WASHINGTON — The four U.S. senators from Washington and Alaska are seeking to authorize construction of as many as four new heavy-duty icebreakers, vastly expanding the Coast Guard’s beleaguered Seattle-based icebreaker fleet.
But with a price tag of $850 million or more per vessel, the odds of Congress going along seem about as good as a snowball’s chance in the warming polar climate.
The amendment to the 2014 Defense Authorization Act would allow the Navy to immediately sign multiyear contracts to procure the icebreakers and related systems. The Navy then would transfer the vessels to the Coast Guard, which operates and maintains the current fleet of three icebreakers, one of which is inactive.
That language was inserted by Sen. Maria Cantwell, D-Wash., who has long pushed to expand the nation’s capabilities to deal with commercial and scientific exploration opening in the melting Arctic regions.
- Warren Moon on Marshawn Lynch: "He just doesn't trust a lot of people''
- Every street can't handle every use, mayor says
- Confidence is key for 24-year-old lawmaker
- After ditching Amex, Costco embraces Citi, Visa
- Warren Moon on Marshawn Lynch: 'He just doesn't trust a lot of people'
Most Read Stories
The polar north is increasingly becoming a battle ground among China, Russia and other nations eager to tap its deep reserves of oil and gas. That changing geopolitical reality prompted the Pentagon last week to issue its first Arctic Strategy to protect American national interests.
Some scientists believe that the Northwest Passage, which links the Pacific and Atlantic oceans via Canada’s Arctic Archipelago, could become ice-free in the summer in this century. That would open a shipping route that would be days or even weeks shorter than traversing the Panama Canal.
Even as climate change paradoxically may increase the need for icebreakers by opening up once-isolated regions, Congress has shown little appetite for this “decidedly unsexy mission,” said Steve Ellis, vice president of Taxpayers for Common Sense, a fiscal watchdog group in Washington, D.C.
Ellis said efforts by Cantwell and her co-sponsors — Democrats Patty Murray, of Washington, and Mark Begich, of Alaska, and his Republican colleague, Lisa Murkowski — will help highlight the need for replacement ships.
“But it would take a lot more to turn that into bucks and into four new icebreakers,” Ellis said.
What’s more, it’s not certain that the Senate could even pass this year’s Defense Authorization Act, which includes a small pay raise for military personnel, renewals for weapons programs and other policy issues affecting the Pentagon. The bill is saddled with more than 500 amendments, and the Senate was unable to end debate before adjoining for the two-week Thanksgiving recess.
After authorization, Congress would then have to appropriate actual money to buy the ships.
A report commissioned in 2010 by the Coast Guard said the service would need six heavy and four medium icebreakers to meet its mission. Until last December, the Coast Guard had one operating icebreaker, the medium-duty Healy, which is primarily used for research activities in the Arctic.
A second ship, the heavy-duty Polar Sea, was on the verge of being scrapped for parts when Cantwell successfully fought for a reprieve. Cantwell and the other lawmakers favor bringing the Polar Sea back into service, which could cost several hundred million dollars.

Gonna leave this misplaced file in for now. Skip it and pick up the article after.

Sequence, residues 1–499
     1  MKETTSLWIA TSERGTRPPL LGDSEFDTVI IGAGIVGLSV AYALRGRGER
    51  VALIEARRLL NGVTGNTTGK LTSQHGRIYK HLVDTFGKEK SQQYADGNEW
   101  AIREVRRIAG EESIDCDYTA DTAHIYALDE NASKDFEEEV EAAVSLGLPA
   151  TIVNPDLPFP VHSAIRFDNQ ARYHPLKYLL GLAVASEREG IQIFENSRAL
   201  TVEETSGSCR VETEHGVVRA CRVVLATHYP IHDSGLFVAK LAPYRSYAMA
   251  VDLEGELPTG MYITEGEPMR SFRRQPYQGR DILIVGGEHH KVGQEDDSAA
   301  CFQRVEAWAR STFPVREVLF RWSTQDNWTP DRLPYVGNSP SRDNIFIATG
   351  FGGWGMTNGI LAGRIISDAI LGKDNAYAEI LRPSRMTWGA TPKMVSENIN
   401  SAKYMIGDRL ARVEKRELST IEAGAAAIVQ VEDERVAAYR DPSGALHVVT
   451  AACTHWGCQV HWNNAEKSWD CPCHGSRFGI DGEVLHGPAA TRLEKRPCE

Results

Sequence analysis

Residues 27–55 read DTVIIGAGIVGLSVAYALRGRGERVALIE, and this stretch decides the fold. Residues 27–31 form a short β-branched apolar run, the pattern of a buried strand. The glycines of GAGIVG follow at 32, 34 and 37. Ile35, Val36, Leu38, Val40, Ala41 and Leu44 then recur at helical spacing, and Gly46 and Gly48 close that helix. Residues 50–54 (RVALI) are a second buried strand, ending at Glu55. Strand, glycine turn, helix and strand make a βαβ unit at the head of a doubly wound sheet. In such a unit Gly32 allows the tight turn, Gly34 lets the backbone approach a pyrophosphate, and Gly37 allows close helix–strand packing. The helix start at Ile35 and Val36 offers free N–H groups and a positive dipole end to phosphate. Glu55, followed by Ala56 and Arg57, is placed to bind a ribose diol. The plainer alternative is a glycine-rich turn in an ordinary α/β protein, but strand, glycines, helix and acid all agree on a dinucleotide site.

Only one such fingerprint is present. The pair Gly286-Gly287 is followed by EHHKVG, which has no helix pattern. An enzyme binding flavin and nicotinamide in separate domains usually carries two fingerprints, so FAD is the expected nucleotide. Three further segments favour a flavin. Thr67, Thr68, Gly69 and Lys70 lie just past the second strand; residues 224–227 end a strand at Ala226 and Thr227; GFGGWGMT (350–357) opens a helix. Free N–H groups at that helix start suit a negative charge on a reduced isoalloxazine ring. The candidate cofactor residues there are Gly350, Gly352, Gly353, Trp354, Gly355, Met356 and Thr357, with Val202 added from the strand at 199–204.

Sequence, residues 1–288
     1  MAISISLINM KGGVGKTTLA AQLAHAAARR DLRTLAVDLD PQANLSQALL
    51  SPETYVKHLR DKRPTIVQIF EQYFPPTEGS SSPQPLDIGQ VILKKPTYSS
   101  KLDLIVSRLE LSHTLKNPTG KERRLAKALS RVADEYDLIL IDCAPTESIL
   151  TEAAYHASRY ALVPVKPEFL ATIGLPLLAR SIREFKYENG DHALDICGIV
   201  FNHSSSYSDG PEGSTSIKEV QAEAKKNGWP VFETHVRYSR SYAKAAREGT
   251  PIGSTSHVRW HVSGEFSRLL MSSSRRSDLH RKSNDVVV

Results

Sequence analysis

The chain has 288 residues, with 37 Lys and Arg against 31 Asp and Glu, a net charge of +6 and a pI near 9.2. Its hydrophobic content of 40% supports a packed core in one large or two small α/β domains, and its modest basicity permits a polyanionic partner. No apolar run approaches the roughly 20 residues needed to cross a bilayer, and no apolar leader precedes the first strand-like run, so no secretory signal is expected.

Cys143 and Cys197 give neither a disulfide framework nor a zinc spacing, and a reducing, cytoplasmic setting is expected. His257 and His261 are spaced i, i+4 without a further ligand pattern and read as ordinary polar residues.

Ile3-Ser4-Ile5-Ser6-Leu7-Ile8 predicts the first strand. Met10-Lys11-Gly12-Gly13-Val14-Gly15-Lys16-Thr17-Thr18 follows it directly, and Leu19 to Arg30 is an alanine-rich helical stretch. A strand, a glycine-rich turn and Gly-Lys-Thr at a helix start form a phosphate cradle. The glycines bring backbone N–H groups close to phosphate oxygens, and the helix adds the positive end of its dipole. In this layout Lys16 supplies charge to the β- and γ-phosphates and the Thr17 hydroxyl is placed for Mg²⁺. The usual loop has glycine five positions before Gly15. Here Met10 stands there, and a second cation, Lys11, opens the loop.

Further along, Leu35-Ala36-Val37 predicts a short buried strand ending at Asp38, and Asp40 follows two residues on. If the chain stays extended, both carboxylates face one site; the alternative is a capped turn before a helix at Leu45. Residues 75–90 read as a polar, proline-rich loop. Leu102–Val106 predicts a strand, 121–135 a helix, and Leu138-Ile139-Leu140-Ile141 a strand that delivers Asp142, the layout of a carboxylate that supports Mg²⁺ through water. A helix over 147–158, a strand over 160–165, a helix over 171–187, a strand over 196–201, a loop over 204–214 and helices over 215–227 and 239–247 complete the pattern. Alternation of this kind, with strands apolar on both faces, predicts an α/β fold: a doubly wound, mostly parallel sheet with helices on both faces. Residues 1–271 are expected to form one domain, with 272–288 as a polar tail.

Its sister ship, the Polar Star, emerged in December from a four-year, $57 million overhaul at Vigor Industrial in Seattle’s Harbor Island. The Coast Guard took the Polar Star up to the Arctic in June to train the crew and to test its ice-clearing capabilities. It returned to the Coast Guard station in Seattle in August for regular maintenance, and was found to have held up well during the trip, said Brian Mannion, a Vigor spokesman. The ship will depart for Antarctica Dec. 3.
The Polar Sea and the Polar Star were built during the 1970s by Lockheed Shipbuilding in Seattle. Both ships are a decade past their 30-year life span.
Both ships are slightly shorter and smaller than the Healy but can bust through thicker ice. The Polar Sea and Polar Star can easily break 6 feet of ice at 3 knots, and 21 feet or more by backing and ramming. The Healy can break through ice up to 4½ feet thick at a speed of 3 knots.
Asked if the receding and thinning polar ice warrants all the new icebreakers, Cantwell said through her spokesman that increases in commercial shipping, tourism and oil and mineral exploration will justify the investment. For instance, although Arctic-wide sea ice was at a minimum in 2012, drilling operations at certain parts of the Chukchi Sea were delayed because of major ice floes.
“America is at risk of losing the opportunity to have great influence over the growing Arctic economy,” Cantwell said. “Icebreakers also mean maritime jobs in the Puget Sound, and a critical lifeline for businesses and communities to our North.”
Devon Kearns, spokesman for Begich, said while Begich understands the nation “has a tight budget to consider, as an Arctic nation the U.S. risks falling behind the other Arctic nations” unless it asserts its interests.
A fourth polar icebreaker, the Nathaniel B. Palmer, was built for the National Science Foundation to support its activities in the Arctic and the Antarctic. The foundation uses a contractor, Raytheon Polar Services Co., to lease the ship from a Louisiana firm.
Information from Seattle Times archives is included in this report. Kyung Song: 202-383-6108 or email@example.com. Twitter: @KyungMSong